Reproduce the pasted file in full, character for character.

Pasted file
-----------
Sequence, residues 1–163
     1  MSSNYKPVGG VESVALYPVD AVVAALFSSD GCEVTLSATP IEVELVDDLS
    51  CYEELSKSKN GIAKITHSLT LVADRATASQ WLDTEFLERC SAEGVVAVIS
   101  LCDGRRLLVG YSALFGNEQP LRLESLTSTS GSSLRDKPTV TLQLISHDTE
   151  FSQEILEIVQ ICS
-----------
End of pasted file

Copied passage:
Sequence, residues 1–163
     1  MSSNYKPVGG VESVALYPVD AVVAALFSSD GCEVTLSATP IEVELVDDLS
    51  CYEELSKSKN GIAKITHSLT LVADRATASQ WLDTEFLERC SAEGVVAVIS
   101  LCDGRRLLVG YSALFGNEQP LRLESLTSTS GSSLRDKPTV TLQLISHDTE
   151  FSQEILEIVQ ICS